We already knew from Chun-Li's piece about not wanting to be a doctor. This piece fit in nicely and even made me laugh.
    I vote for Chun-Li.

  18. Vote: Songstress.

    Song: I wish the writing was a little more refined. But I'm voting for this piece because of the premise. I think the idea is intriguing and got goosebumps at the end.

    Chun Li: Nothing really pulled me into the piece. I've watched medical shows with scenes very similar to this. It was good imagery and I got to understand a bit about the character but it fell flat for me. I also think saying her neck was exposed at the end kind of threw me off, especially when it was her brain being exposed.

  19. Chun-Li for me today. I like that the protagonist's dissatisfaction with med school was explored and that we (the readers) were shown interesting glimmers of her character. My only critiques are that, unless the protagonist is some sort of academic prodigy, I think the YA label is a little young for this specific piece; it seems more NA to me. There was also something about the protagonist attempting to talk to her blade-wielding peer that rubbed me the wrong way. I appreciate that MC seems a bit on the outspoken side, but, for me, it weakened the nice tension that was established earlier on in the piece.

    I enjoyed the twist in the Night Songstress's piece, and I also liked the protagonist. Unfortunately, I disliked the last line; I found it cliched and a bit cheesy. There was also a bit of a slip in tenses, but that's easy enough to fix. The Night Songstress is a talented writer who knows how to entertain, but I just found Chun-Li's piece stronger and more engaging.

  20. Night Songstress for me. In both of this writer's pieces, I find myself getting trapped in this dark world. I picture myself in the room with this woman and keep wanting to know more the more and more I read of this writer's work. Keep it up!!

  21. Night Songstress is my vote. As much as I love a good medical drama (ER, Grey's Anatomy, Emily Owens, etc), I just couldn't get into Chun-Li's story. I really wanted to, but something didn't work for me. Not sure what, exactly.

  22. Voting for Chun-li. The writing was solid and I liked the odd little scene. Reminded me of something out of a Tim Burton film for some reason - both grisly and weirdly normal, with what might be an awkward meet cute.

    Night Songstress's piece started off with a hard POV tense conflict (switched from first past to first present). I wasn't feeling the descriptions - they seemed off and overwrought to me. But I really liked the part about the character's nine-year-old self writing her name in her book as a way to protect it.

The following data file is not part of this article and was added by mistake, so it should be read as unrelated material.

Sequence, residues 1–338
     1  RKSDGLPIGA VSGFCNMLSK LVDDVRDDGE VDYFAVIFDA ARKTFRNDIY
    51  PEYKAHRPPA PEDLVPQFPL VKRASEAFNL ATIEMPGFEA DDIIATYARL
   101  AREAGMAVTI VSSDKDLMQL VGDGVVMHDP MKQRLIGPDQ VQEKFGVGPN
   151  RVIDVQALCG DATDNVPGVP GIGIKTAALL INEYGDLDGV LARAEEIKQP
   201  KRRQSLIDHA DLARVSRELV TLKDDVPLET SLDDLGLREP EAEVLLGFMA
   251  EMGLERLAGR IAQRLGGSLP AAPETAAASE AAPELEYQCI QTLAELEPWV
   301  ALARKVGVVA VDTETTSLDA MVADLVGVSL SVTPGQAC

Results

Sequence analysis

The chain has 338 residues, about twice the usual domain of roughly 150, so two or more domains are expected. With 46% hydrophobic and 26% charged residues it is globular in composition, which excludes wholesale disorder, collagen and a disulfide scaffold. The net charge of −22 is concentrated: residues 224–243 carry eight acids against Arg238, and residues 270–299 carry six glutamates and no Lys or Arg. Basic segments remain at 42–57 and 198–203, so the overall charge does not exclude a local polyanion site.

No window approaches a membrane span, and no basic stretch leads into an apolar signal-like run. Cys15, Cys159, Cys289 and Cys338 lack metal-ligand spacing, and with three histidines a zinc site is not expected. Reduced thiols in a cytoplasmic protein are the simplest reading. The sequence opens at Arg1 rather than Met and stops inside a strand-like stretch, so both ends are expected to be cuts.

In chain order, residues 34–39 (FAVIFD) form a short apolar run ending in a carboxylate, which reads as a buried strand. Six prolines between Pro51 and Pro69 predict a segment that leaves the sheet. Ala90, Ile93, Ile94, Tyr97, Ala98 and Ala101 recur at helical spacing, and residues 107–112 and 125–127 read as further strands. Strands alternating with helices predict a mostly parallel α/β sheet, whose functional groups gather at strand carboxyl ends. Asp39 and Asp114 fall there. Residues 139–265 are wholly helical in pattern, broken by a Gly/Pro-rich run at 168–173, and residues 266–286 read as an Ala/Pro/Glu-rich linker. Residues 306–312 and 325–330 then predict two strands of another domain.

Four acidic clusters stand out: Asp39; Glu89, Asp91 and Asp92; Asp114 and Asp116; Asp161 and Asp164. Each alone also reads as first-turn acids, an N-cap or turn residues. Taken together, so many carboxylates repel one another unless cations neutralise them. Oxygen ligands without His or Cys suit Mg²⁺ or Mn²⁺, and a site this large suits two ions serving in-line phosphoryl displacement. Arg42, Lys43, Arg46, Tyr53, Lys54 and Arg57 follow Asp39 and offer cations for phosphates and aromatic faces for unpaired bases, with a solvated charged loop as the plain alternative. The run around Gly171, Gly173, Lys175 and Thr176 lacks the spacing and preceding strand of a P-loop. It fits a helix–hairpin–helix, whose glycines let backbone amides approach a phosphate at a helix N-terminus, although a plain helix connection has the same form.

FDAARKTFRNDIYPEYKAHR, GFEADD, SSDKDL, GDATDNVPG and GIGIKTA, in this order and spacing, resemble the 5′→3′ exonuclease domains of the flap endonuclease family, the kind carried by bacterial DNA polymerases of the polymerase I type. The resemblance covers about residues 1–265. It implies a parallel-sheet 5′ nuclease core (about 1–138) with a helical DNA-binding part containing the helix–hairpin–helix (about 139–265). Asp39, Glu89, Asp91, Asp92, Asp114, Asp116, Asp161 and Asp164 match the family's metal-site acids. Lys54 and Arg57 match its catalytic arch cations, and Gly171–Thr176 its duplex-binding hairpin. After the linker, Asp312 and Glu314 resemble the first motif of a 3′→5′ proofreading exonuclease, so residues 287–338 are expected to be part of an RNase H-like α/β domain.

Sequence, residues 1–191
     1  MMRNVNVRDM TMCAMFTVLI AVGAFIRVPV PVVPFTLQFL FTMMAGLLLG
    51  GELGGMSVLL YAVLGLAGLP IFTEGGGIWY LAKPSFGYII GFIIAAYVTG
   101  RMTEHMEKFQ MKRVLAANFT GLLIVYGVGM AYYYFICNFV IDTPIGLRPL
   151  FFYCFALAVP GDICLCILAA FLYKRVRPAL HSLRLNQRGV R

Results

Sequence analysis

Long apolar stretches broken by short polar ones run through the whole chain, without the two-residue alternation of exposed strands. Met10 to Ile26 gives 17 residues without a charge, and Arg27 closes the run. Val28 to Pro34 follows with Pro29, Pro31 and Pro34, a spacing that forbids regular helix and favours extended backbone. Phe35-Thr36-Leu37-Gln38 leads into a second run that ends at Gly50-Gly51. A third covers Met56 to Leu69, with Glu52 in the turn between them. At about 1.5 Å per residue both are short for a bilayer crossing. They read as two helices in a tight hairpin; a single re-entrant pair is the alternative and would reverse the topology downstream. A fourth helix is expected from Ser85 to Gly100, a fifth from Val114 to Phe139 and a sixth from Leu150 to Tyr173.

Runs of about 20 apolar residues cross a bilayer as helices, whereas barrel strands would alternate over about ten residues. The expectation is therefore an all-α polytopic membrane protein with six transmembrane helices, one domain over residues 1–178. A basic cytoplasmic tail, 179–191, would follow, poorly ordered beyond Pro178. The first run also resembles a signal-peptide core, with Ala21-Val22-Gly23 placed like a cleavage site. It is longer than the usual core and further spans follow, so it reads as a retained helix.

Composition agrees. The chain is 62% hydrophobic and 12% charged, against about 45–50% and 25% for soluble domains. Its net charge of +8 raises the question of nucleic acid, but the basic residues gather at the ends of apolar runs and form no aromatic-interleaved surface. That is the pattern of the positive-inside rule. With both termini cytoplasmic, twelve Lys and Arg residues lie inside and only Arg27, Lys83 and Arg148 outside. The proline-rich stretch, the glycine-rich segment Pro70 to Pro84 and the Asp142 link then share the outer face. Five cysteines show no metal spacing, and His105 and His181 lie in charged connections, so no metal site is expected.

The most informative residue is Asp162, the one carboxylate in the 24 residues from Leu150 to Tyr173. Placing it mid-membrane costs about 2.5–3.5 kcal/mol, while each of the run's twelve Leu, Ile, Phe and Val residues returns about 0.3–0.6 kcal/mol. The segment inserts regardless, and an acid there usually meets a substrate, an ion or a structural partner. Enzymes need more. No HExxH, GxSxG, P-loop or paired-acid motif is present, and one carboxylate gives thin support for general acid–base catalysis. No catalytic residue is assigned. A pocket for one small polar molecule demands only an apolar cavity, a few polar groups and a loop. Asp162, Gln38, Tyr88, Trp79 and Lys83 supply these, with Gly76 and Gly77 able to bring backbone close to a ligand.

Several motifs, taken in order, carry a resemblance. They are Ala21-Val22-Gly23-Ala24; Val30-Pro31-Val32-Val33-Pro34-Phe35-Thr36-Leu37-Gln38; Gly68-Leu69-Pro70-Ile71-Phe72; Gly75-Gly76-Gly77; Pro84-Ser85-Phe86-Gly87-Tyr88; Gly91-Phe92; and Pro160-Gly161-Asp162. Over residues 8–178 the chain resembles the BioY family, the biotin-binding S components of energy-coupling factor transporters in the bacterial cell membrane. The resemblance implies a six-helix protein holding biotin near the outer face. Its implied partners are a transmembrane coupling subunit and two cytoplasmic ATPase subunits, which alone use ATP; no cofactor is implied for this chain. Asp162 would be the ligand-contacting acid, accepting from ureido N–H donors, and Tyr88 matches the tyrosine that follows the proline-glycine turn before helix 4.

23. Neither piece pulled me in this time, and there were some grammatical errors in the writing. Out of the two, I like the one by Night Songstress more, so that gets my vote.

  24. The Night Songstress gets my vote. Both are suitably creepy, but I'm less interested in cadavers, and more interested in whatever the heck is going on with the cleaning woman.

  25. The Night Songstress gets my vote!

  26. Chun-Li: I'm not sure about your protagonist's age or situation, but I like the way she's stuck in this gruesome scenario and the potential budding friendship / romance (??) between her and the helpful person she sticks to.

    Night Songstress: This MC seems to push forward really hard, and yet always get into so many scrapes! I love that, very much. It's a good quality to have in a story.

    Night Songstress gets my vote.

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  28. Night Songstress
    Love the suspense. Can't get eniugh4

  29. Chun-Li wins this round for me. Super intense piece, I really enjoyed it. Songstress I enjoyed as well, but there are some tense that you don't flip back and forth. Good luck, guys!

  30. My vote is for Night Songstress. Even though the tenses are mixed up, the story is intriguing and I love the ending.

    Chun-Li - I could picture everything you wrote about but didn't feel any connection to your MC. I also kept on wondering who Ruth was in her former life...not sure how that distracted me but it did.

  31. Wow! Both of these pieces were so good - so chilling, so compelling, so in tune with character and pacing! Excellent match!
    I'm voting for Chun-Li just because I entered the scene a bit faster with that one.

  32. I vote for the Night Songstress!

  33. Night Songstress gets my vote!

  34. My vote goes to Night Songstress! This writer does a great job constructing the scene for the reader and building the tension....and yes, I got some goosebumps at the end! The switching of tenses is a bit distracting, but can be easily fixed.

    Chin-Li did a nice job of describing the sense perceptions experienced in a cadaver lab, but the story did not leave me wanting to know more.

  35. Night Songstress wins my vote!

    Both had me hooked, so it came down once again to personal preference. Great job writers!

  36. I had to really wrestle with this one because Chun Li has been my favorite pick of this entire competition. But since this round is all about these two entries, I have to go with Night Songstress. This was just a better entry, stronger writing, compelling imagery. My vote doesn't change the fact that I hope to read Chun Li's full story in novel form someday. Seriously... I would love that!

    Vote: Night Songstress